Referencing is showing where you have used ideas or information created by another person in your work.
In your assignments, every time you mention information you found, place an In-Text citation in that sentence. This is a very short form of the reference that lets a reader look it up in the Reference List.
|APA Style (an "Author-Date" style)||Vancouver Style (a "Numbered" style)|
|Self-testing while studying generally improves learning (Karpicke, 2009).||Self-testing while studying generally improves learning.1|
The Reference List goes at the end of the assignment. It contains the full details of the sources you got information from. Every in-text citation must have a matching entry in the reference list.
|APA Style||Vancouver Style|
Karpicke, J.D. (2009). Metacognitive control and strategy selection: Deciding to practice retrieval during learning. Journal of Experimental Psychology: General, 138(4), 469-486. http://dx.doi.org/10.1037/a0017341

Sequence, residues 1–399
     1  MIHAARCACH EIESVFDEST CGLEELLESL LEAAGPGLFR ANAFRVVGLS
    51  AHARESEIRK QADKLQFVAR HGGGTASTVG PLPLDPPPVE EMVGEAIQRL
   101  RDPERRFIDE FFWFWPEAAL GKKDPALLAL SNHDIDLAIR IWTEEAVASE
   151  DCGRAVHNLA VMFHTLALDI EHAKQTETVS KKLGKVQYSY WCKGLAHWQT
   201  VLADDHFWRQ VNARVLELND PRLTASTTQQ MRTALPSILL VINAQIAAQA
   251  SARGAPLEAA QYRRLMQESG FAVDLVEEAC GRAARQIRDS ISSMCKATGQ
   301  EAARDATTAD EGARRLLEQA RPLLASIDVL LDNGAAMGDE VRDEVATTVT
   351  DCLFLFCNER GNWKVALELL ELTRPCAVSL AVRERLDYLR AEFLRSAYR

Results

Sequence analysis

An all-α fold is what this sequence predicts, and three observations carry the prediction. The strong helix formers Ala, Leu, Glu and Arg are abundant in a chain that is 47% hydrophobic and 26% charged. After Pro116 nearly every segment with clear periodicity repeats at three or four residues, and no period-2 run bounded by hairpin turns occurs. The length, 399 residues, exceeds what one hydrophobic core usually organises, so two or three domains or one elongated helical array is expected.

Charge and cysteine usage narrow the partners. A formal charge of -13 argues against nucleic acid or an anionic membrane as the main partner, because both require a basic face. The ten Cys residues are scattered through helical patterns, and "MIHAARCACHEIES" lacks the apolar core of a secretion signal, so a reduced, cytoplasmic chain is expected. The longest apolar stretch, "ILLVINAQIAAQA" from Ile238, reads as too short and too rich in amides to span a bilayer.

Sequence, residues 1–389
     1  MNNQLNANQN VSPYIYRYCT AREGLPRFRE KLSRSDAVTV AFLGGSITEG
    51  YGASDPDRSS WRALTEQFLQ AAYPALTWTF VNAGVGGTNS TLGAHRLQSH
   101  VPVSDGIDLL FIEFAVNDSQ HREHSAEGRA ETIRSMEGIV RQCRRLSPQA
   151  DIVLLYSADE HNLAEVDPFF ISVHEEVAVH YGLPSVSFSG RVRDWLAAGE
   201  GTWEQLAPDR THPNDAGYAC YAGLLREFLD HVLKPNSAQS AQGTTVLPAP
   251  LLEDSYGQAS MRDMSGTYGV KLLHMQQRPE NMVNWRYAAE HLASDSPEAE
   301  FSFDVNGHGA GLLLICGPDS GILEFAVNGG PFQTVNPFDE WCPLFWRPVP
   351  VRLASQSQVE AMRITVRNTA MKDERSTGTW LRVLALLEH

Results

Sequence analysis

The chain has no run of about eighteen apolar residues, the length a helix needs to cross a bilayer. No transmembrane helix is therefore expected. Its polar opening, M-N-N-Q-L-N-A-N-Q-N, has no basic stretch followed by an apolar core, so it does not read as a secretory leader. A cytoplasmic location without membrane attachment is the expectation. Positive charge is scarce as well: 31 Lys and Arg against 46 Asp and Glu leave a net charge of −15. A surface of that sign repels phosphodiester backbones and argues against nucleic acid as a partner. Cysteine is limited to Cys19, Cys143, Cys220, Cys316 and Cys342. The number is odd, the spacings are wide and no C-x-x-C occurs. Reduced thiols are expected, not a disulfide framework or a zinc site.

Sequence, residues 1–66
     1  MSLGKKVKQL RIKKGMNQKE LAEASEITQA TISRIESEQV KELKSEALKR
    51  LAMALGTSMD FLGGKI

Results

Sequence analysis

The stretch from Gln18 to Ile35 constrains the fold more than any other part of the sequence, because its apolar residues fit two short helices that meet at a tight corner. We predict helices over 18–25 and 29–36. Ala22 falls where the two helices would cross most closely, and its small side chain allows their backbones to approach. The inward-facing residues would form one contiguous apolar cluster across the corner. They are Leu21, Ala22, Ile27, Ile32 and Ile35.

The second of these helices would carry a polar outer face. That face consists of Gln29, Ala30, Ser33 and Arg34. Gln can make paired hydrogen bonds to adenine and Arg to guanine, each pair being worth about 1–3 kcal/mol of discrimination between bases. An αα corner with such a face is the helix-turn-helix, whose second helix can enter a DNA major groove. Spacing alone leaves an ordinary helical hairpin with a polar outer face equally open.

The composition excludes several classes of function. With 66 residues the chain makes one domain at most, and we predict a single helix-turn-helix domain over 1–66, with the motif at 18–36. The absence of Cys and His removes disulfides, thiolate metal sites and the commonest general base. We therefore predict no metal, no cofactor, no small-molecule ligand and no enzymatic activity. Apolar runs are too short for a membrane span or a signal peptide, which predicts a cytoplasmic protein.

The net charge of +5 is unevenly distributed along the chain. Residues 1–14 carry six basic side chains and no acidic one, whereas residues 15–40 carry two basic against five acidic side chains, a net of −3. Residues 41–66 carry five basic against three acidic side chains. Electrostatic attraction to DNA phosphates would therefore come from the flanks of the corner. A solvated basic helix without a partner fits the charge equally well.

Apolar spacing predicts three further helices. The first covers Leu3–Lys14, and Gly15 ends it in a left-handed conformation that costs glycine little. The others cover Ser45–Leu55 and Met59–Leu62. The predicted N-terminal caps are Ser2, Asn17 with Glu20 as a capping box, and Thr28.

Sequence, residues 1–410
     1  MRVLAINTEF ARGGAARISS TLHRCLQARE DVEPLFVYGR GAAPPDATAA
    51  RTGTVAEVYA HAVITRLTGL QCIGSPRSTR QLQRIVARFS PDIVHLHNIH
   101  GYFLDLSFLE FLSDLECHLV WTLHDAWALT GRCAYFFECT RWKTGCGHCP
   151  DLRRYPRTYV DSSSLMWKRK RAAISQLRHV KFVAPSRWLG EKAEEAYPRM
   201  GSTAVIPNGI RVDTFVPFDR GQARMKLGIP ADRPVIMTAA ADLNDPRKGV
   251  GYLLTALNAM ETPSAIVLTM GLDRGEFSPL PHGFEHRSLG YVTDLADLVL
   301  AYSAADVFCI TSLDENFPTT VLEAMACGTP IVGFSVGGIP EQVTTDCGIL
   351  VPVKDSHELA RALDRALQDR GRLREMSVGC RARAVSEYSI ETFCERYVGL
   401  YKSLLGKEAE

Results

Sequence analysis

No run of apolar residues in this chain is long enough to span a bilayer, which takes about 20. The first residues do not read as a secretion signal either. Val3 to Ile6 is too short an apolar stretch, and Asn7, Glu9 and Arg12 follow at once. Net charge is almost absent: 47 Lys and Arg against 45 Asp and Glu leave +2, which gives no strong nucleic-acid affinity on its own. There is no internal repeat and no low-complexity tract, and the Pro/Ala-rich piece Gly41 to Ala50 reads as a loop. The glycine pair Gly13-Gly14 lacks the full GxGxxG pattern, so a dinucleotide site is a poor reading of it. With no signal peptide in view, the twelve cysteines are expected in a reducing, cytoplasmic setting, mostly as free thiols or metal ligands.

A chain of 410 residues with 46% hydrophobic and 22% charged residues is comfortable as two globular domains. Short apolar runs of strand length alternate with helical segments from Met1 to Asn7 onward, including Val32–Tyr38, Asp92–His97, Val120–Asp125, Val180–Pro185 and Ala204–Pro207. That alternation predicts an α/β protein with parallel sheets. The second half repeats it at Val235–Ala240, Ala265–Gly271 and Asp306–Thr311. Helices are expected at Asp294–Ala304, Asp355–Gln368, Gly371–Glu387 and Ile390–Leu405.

|1. Karpicke JD. Metacognitive control and strategy selection: Deciding to practice retrieval during learning. J Exp Psychol Gen. 2009;138(4):469-486.|
Referencing styles are the rules you use to decide how you will write out the reference; what information to include and the order to write it in.
By writing your references according to a style, a reader knows what kind of source you are referencing (website, journal, book etc) and which part is the name of the article, the name of the journal, etc.
For more information, see the Referencing and citation styles page of this guide
This referencing guide sets out the basic steps you need to follow to Reference Right. It also provides links to other helpful resources.
Use STUDYSmarter's top tips to help you understand why, what and how to reference; know how to quote and paraphrase sources; and be able to summarise, synthesise and check you're on track.
You might also want to view some of the other helpful videos in StudySmarter's full playlist.